Selection of LEAPS 2023 participants is over.
LEAPS is an opportunity for students with an interest in astronomy and astrophysics
to perform a 10 week summer research project in collaboration with a research scientist
from Leiden Observatory or ESA/ESTEC. The program is open to all students not currently
engaged in a Ph.D. program, although most past participants have been senior-undergraduate
or masters' students who are enthusiastic about research in astrophysics.
We would like to use LEAPS as an opportunity to increase the diversity of researchers in Astronomy as we understand that successful science is supported by this. The Leiden projects are funded by a mix of grants and 50% of these grants are only available to students from historically underrepresented countries.
Students are selected for the program based on their academic achievements and research potential. Each applicant has the opportunity to choose up to two projects of interest, and they are selected by project advisors based on what they indicate their scientific interests and experience to be. Research at Leiden Observatory and ESA/ESTEC takes place on a diverse array of topics (see below for LEAPS 2023 projects), and student projects will likely consist of anything from the analysis of data from world-class telescopes, to large computer simulations, to hands-on work in the astrochemistry laboratories.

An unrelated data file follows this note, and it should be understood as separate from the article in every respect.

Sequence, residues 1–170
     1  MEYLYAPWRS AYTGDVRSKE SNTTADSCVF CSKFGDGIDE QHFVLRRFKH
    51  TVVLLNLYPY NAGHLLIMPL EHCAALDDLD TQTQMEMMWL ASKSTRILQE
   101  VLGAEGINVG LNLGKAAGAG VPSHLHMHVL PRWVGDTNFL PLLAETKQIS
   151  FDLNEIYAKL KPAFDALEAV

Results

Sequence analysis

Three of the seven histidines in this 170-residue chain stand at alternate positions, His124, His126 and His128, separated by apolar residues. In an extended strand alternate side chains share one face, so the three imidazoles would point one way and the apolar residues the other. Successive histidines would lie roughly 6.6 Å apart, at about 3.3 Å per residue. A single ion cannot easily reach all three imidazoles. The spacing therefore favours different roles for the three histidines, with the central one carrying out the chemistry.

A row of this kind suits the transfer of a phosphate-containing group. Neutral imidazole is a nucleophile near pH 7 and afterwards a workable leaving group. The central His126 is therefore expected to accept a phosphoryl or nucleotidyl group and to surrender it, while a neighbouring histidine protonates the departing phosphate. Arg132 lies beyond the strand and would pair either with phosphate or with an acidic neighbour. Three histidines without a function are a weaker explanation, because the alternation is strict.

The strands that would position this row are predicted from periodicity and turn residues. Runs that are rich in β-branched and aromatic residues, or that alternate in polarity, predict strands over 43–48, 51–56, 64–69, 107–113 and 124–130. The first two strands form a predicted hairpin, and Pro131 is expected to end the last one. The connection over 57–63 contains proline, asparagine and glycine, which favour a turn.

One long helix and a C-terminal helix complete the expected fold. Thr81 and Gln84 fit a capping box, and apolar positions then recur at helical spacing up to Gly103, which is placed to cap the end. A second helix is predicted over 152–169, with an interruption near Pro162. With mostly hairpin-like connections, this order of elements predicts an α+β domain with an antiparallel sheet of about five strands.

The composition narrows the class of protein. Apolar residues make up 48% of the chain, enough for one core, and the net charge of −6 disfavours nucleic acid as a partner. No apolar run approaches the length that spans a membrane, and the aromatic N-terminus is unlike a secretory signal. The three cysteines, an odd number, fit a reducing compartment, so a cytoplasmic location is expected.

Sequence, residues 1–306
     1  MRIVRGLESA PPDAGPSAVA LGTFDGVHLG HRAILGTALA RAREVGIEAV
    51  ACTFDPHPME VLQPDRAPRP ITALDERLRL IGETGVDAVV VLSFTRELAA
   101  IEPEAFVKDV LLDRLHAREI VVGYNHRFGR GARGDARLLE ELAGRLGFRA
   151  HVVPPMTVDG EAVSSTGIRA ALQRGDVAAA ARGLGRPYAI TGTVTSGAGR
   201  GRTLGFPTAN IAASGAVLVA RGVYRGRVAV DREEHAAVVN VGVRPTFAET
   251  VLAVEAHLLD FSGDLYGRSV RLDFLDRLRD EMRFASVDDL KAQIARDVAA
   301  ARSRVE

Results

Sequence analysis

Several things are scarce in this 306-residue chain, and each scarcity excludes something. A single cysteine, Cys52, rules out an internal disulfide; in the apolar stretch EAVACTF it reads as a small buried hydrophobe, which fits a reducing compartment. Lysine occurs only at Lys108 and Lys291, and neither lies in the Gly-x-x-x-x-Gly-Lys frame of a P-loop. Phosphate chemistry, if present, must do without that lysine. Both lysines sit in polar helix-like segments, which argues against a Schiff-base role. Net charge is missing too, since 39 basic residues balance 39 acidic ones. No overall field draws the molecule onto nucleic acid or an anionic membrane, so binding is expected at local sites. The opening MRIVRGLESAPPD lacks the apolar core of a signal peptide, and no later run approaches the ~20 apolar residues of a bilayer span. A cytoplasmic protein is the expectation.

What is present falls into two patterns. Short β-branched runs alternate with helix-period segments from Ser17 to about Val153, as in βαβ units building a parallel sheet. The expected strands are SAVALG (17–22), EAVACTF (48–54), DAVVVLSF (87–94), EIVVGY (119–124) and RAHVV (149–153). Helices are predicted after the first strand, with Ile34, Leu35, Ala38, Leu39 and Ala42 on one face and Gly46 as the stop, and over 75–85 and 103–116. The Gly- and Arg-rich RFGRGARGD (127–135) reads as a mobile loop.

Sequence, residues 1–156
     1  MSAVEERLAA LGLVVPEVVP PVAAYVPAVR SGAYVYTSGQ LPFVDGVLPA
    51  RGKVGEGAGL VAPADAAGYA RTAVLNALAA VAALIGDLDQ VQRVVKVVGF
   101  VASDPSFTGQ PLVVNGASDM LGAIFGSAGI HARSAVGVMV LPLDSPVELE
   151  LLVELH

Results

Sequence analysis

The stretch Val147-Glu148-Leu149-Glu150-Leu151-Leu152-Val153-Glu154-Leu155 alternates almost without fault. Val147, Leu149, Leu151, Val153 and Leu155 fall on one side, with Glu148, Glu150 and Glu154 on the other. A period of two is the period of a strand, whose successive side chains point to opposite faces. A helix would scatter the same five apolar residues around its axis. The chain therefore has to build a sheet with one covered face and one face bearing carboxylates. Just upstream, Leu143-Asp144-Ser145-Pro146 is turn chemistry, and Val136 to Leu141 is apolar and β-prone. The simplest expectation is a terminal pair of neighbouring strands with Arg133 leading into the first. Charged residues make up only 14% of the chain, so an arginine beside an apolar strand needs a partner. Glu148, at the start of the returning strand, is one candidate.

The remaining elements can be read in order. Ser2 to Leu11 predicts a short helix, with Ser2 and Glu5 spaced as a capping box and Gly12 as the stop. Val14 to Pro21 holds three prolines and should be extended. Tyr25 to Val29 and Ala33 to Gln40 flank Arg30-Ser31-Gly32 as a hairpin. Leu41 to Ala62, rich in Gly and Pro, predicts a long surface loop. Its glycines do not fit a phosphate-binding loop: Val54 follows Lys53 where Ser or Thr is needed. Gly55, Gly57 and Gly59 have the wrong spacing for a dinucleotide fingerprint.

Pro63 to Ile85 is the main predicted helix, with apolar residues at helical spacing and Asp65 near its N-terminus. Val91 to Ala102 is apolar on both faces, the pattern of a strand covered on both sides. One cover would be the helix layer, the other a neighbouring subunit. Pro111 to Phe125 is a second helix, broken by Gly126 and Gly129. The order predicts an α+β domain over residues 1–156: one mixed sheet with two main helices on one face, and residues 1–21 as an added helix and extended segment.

Leiden Observatory (located in the Huygens and Oort buildings, Niels Bohrweg 2, 2333CA, Leiden) is a world-class institute for research in astronomy and astrophysics based in the Netherlands, approximately 35km from Amsterdam. The atmosphere at the observatory is dynamic, with approximately 100 faculty/research scientists and 70 graduate students engaged in astrophysical research on a wide range of topics. Major fields of interest include extrasolar planets, star formation, cosmology, galaxy formation, instrumentation, and astrochemistry. Multiple research projects will likely be available within these fields.
ESTEC is ESA’s largest establishment, and its technical and organisational hub. It is based at Keplerlaan 1, 2201AZ, Noordwijk, around 10 km from Leiden Central Station. ESA develops and manages many types of space missions, from exploration, telecommunications, to earth and space science. The Research and Scientific Support Department at ESTEC consists of approximately 40 staff scientists, with research interests ranging from the geology of planets in our solar system, to plasma physics in the magnetosphere of the Earth, space weather, to observational astronomy with ESA's space missions such as Planck, Herschel, GAIA and EUCLID.
Students accepted into the LEAPS program will be provided with travel costs to/from Leiden. We will also provide housing accommodations near the observatory, as well as a modest stipend to help with living costs during the internship. Leiden is a small, picturesque university town located between the major cities of Amsterdam and The Hague. Summer is a beautiful time of year to be in Leiden, and we encourage LEAPS students to socialize and use their free time to enjoy the numerous summertime activities available in Holland. English is widely spoken throughout the Netherlands and international students should find it easy to live in the Leiden area. We are planning several field trips for LEAPS students including visits to the ESTEC complex where many ESA satellites are being built, and potentially to the LOFAR radio array, the world's largest low-frequency radio telescope.